Marine Corps leaders have issued recommendations to protect against lapses in standard operating procedures and are rewriting training handbooks to make sure, they said, another accident like the July 30 sinking of an amphibious assault vehicle in which nine men died, never happens again.
On Thursday, March 25, a 2,000-page report with the findings of the first of two investigations was released on what happened last summer off Southern California’s San Clemente Island during the pre-deployment training exercise for Battalion Landing Team 1/4, which was attached to the Camp Pendleton-based 15th Marine Expeditionary Unit.
The Marine Corps took responsibility for the tragedy in the report, which officials said was caused by a mix of mechanical problems in the decades-old amphibious assault vehicles, leadership failures, a lack of training and the demands of a schedule to keep up with plans for a September deployment amid the coronavirus pandemic.
The report’s senior officer in charge, Lt. Gen. Steven R. Rudder, commander of Marine Corps Forces Pacific, in his final review of the investigation, said it was “a confluence of human and mechanical failures” that led to the sinking of the AAV and the men’s deaths, and it all could have been prevented.
Before the report’s public release this week, senior Marine Corps leaders who reviewed the report spoke in depth about the accident and about new recommendations to be undertaken. The roundtable was arranged to give background and understanding for a handful of invited reporters. The four provided experts — all with backgrounds in amphibious operations — spoke anonymously, per Marine Corps direction, so they could candidly weigh in on the investigation’s findings.
They discussed the series of preventable events, gave context and comment on decisions made and explained the need for improvements to the Marine Corps’ amphibious elements. Two years ago, Marine Corps Commandant Gen. David Berger outlined a new vision for the Marines to be a more nimble force that supports Naval warfare as the United States faces evolving future threats.
“So, we have to get good at this and we will,” said one of the experts, a former commander of a Marine Expeditionary Unit, traditionally just called an MEU.
He also emphasized that decisions made in the July accident were made by people who weren’t properly trained and didn’t follow procedures they should have been trained on.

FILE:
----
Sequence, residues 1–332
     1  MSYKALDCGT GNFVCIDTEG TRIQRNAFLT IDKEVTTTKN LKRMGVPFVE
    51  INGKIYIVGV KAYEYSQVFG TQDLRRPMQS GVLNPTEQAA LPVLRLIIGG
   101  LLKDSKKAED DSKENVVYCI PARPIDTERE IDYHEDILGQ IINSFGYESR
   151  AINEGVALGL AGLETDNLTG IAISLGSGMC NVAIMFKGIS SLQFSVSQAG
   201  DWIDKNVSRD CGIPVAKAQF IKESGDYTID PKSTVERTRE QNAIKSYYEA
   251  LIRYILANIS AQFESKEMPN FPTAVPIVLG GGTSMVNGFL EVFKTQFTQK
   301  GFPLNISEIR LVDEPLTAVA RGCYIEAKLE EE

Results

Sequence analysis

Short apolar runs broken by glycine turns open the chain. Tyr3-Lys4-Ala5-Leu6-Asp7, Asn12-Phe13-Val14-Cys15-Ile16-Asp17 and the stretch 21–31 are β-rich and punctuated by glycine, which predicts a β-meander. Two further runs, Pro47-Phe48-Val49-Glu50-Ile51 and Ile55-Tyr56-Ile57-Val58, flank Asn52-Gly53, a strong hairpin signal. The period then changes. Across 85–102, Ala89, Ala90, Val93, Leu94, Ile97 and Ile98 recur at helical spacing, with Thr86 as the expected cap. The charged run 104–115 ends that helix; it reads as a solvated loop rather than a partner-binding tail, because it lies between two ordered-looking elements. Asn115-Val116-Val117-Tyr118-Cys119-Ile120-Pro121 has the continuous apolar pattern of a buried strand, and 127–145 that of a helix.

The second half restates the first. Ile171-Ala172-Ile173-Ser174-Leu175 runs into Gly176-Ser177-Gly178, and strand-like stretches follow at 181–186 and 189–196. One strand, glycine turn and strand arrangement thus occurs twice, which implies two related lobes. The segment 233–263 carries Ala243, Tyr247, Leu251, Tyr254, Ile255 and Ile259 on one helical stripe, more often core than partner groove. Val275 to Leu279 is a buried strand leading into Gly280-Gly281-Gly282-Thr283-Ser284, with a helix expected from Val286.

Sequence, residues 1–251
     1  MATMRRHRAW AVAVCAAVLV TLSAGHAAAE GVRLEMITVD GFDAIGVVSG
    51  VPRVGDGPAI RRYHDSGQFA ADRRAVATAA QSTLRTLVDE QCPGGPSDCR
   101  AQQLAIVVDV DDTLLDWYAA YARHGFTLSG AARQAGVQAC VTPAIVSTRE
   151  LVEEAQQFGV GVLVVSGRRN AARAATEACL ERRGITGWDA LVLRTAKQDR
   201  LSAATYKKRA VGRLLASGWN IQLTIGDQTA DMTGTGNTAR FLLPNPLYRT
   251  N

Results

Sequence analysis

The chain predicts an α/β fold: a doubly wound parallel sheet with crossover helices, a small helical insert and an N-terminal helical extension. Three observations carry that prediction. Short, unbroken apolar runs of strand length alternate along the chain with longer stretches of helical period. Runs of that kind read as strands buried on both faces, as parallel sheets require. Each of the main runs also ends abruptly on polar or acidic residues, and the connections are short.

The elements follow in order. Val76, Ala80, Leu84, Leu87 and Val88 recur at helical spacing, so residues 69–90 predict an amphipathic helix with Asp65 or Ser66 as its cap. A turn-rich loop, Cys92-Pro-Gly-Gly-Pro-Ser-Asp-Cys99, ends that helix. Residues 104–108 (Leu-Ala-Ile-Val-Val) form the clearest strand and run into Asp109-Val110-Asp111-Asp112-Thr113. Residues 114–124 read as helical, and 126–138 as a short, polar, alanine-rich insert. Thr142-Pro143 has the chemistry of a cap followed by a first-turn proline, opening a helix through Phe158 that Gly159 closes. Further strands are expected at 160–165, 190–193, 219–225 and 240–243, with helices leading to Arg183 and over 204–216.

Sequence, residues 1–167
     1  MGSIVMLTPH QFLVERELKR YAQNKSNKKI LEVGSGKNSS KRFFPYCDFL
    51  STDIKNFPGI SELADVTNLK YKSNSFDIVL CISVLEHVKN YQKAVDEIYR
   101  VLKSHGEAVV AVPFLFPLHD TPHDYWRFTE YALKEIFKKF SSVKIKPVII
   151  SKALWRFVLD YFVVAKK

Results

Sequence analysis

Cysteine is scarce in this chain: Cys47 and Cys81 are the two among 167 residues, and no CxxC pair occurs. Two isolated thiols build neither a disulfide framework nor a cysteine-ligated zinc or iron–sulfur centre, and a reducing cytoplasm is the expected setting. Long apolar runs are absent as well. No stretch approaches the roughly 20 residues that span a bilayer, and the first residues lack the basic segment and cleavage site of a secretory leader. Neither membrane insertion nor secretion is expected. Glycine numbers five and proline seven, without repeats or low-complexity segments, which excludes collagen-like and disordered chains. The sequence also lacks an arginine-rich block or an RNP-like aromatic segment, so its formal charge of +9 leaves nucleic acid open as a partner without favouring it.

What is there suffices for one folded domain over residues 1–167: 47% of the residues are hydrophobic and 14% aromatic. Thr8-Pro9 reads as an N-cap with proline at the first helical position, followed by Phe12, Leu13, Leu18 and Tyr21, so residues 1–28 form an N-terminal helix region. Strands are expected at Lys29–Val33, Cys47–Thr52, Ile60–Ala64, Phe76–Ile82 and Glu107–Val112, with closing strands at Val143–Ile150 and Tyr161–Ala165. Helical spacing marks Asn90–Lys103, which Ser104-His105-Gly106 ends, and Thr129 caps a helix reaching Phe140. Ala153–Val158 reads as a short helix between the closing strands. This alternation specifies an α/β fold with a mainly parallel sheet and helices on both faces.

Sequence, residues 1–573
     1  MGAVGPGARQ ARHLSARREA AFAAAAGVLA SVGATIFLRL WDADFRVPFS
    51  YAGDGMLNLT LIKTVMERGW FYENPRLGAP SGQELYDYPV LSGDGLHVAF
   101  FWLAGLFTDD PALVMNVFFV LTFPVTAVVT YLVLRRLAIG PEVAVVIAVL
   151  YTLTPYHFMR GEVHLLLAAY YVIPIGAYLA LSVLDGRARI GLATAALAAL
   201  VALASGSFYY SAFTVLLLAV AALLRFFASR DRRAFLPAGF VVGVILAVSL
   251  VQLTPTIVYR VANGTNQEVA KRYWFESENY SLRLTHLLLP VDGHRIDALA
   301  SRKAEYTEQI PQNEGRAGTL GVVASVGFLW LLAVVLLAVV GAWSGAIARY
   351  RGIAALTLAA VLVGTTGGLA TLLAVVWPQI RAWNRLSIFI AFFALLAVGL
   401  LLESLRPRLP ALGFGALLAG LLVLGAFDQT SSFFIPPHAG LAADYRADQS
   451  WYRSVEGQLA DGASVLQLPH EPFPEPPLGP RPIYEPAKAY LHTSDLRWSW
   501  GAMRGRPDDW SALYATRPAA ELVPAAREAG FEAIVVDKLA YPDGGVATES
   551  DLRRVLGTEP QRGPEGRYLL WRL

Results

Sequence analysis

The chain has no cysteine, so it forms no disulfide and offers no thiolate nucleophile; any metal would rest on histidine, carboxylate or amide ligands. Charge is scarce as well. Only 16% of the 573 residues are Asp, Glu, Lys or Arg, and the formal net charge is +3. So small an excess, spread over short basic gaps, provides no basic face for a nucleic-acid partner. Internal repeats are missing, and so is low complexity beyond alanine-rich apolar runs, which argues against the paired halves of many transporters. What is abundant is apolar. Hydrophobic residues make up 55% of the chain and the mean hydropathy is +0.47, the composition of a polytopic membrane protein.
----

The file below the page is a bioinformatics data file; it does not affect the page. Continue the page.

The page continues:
“There’s an aspect of judgment in all of this,” he said. “There is also an aspect of adherence to orders, policies and procedures.”
In the AAV when it sank were Pfc. Bryan J. Baltierra, 18, of Corona, a rifleman; Lance Cpl. Marco A. Barranco, 21, of Montebello, a rifleman; Pfc. Evan A. Bath, 19, of Oak Creek, Wisconsin, a rifleman; U.S. Navy Hospitalman Christopher Gnem, 22, of Stockton, a hospital corpsman; Pfc. Jack Ryan Ostrovsky, 20, of Bend, Oregon, a rifleman; Cpl. Wesley A. Rodd, 22, of Harris, Texas, a rifleman; Lance Cpl. Chase D. Sweetwood, 18, of Portland, Oregon, a rifleman; and Cpl. Cesar A. Villanueva, 21, of Riverside, a rifleman.
Lance Cpl. Guillermo S. Perez, 19, of New Braunfels, Texas, was found unconscious in the water on the scene and later pronounced dead.
Not what right looks like
The AAV platoon, part of the Battalion Landing Team 1/4, and its 13 vehicles left the USS Somerset for a training raid on the island off the Southern California coast around 7:45 a.m. on July 30. A 14th AAV had to remain onboard for maintenance issues, the report says.
They arrived on the island’s west cove around 8:30 a.m. and pushed inland through the rough terrain in a mock attack scenario. The plan was for them to return to the beaches around noon and launch shortly thereafter back to the ship.
But the timing was pushed off by four hours after another AAV broke down and couldn’t move. The platoon commander decided four vehicles would have to remain on the island and wait for the Navy to send tools and equipment, the report says.
Around the same time, the driver of AAV#5 noticed a leak from his vehicle’s transmission. The engine had begun smoking. He worked on it, tightening bolts and adding about six gallons of transmission fluid to the 23-gallon reservoir.
At about 4:30 p.m., AAV#5 and eight others lined up on the beach to return to the USS Somerset, but two more couldn’t go into swim mode after heading out into the surf and had to be towed back to the sand.
Per standard operating procedures, a platoon-wide safety briefing should have been held on the beach. The investigation found no evidence of the checklist to prove it was done. Pre-water checks were also not done to standard. Investigators said the changing circumstances throughout the raid seem to have confused who was doing what.
With little communication between the platoon and the Navy ship three miles off shore, the seven AAVs dipped into the ocean and left the cove. Once out of the harbor, the water became choppy and the swells and surf grew larger.
About 25 minutes later and a half-mile out to sea, water began seeping into AAV#5 from multiple places, the report says. Not long after, the transmission seized so the bilge pumps couldn’t push the incoming water out fast enough.
Over the next 45 minutes — the time it took for the armored vehicle to sink — the crew fought for their lives. As water raised over their boots, the vehicle’s commander climbed on top of the AAV and signaled for help, waiving what is known as a “November flag.”
It took about 20 minutes for two other AAVs to arrive to assist.
There were no safety boats in the water because of an earlier miscommunication with the ship, the investigation found. The Marines believed the Navy had boats out and the Navy thought the Marines were using one of their AAVs as a safety boat, investigators said.
Per protocol, when there are six AAVs in the water, two safety boats are required.
A rescue AAV collided with the sinking vehicle, causing it to turn broadside to a swell and tumbling around the men who remained inside, the report says. Another large wave swept over the vehicle pouring more water in the open hatch, finally overwhelming it and sending it to the bottom of the ocean 385 feet below.
Seven Marines made it out of the vehicle, two had to be flown to hospitals and Perez died on scene.